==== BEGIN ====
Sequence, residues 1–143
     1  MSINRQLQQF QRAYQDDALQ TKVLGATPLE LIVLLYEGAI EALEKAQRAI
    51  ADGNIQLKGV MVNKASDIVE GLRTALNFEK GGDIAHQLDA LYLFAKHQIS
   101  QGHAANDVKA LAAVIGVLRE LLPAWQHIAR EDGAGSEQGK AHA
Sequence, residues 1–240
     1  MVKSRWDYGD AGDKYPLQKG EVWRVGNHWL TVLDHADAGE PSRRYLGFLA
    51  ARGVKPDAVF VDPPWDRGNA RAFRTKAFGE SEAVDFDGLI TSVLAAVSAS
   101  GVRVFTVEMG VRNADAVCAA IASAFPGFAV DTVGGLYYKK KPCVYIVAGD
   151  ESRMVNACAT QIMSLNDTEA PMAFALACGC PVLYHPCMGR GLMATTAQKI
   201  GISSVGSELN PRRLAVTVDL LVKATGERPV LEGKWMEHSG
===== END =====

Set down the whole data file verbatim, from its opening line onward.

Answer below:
Sequence, residues 1–143
     1  MSINRQLQQF QRAYQDDALQ TKVLGATPLE LIVLLYEGAI EALEKAQRAI
    51  ADGNIQLKGV MVNKASDIVE GLRTALNFEK GGDIAHQLDA LYLFAKHQIS
   101  QGHAANDVKA LAAVIGVLRE LLPAWQHIAR EDGAGSEQGK AHA
Sequence, residues 1–240
     1  MVKSRWDYGD AGDKYPLQKG EVWRVGNHWL TVLDHADAGE PSRRYLGFLA
    51  ARGVKPDAVF VDPPWDRGNA RAFRTKAFGE SEAVDFDGLI TSVLAAVSAS
   101  GVRVFTVEMG VRNADAVCAA IASAFPGFAV DTVGGLYYKK KPCVYIVAGD
   151  ESRMVNACAT QIMSLNDTEA PMAFALACGC PVLYHPCMGR GLMATTAQKI
   201  GISSVGSELN PRRLAVTVDL LVKATGERPV LEGKWMEHSG